The connection of hopper 10 to sheet feed device 12 is achieved on one side by spring biased plunger 22 which mates with a hole (not visible) in sheet feed device side wall 20. The opposite end of shaft 18 which extends the width of hopper 10 terminates in an entry to a gear train drivingly connected with platen 16. This connection will be discussed in greater detail with reference to FIG. 2.
As illustrated, hopper 10 includes an input area 0 and output area 32 divided by a bail 34. Bail 34 is biased toward the back of hopper 10 by spring 36. The output area 32 includes transport guides 38. Hopper side walls 40 and 42 connected by back wall 44 complete the external structure of hopper 10. Mounted substantially at the center of the top edge of back wall 44 is envelope top restraint 46.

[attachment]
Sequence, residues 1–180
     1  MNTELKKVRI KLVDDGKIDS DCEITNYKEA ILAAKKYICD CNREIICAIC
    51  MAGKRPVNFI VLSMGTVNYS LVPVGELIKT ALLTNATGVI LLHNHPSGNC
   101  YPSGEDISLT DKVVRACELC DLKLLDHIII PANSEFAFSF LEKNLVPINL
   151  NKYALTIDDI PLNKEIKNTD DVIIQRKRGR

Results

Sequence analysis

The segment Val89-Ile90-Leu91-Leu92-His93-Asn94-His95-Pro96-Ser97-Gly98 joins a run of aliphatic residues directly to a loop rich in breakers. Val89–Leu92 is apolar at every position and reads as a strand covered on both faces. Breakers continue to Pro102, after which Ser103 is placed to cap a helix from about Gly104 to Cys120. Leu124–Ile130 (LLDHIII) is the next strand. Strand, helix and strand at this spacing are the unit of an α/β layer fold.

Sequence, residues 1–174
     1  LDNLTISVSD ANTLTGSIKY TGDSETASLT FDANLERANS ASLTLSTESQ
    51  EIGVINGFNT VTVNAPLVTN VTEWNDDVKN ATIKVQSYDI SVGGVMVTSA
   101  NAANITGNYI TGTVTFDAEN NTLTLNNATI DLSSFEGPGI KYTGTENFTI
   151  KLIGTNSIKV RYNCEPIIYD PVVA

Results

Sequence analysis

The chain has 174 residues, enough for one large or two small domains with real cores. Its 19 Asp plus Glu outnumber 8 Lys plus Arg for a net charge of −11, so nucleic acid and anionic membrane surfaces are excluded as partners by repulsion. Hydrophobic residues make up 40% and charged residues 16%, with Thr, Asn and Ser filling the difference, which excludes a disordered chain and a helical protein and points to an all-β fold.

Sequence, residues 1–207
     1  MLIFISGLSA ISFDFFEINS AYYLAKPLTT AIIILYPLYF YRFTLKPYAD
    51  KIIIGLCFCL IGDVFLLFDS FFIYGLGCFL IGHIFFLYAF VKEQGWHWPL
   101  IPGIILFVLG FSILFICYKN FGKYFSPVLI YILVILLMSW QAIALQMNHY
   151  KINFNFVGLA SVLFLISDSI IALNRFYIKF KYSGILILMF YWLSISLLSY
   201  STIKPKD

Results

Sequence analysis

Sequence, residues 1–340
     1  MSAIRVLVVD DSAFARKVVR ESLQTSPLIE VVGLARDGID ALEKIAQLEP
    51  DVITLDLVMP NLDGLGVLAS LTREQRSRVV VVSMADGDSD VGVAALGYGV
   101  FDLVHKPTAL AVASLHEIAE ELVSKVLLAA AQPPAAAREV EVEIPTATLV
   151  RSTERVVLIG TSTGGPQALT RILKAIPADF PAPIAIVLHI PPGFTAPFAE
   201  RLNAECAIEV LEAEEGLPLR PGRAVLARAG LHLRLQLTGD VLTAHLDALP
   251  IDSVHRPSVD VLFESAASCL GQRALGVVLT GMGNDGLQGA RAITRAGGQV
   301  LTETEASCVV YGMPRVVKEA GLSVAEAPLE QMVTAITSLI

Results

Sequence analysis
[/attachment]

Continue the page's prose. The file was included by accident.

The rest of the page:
Hopper floor 50 includes spaced apart aperatures 52 which allow two endless belts 56 to comprise part of floor 50. Attached to the inner surfaces of transport guides 38 in close proximity to endless belts 56 are two leaf springs 58 which assist in envelope delivery back into hopper 10.
Leaf springs 58 will be described in more detail having reference to FIGS. 7 and 8.
Refer now to FIG. 2 which is a rear cutaway perspective view of hopper 10 and its driving mechanism.
Shaft 18 is shown with its associated spring loaded plunger 22 for resiliently lodging hopper 10 in one side of sheet handling apparatus 12 of FIG. 1. The opposite end of shaft 18 terminates in a coupling member 24 adapted to engage cone drive roller 60 for rotation therewith.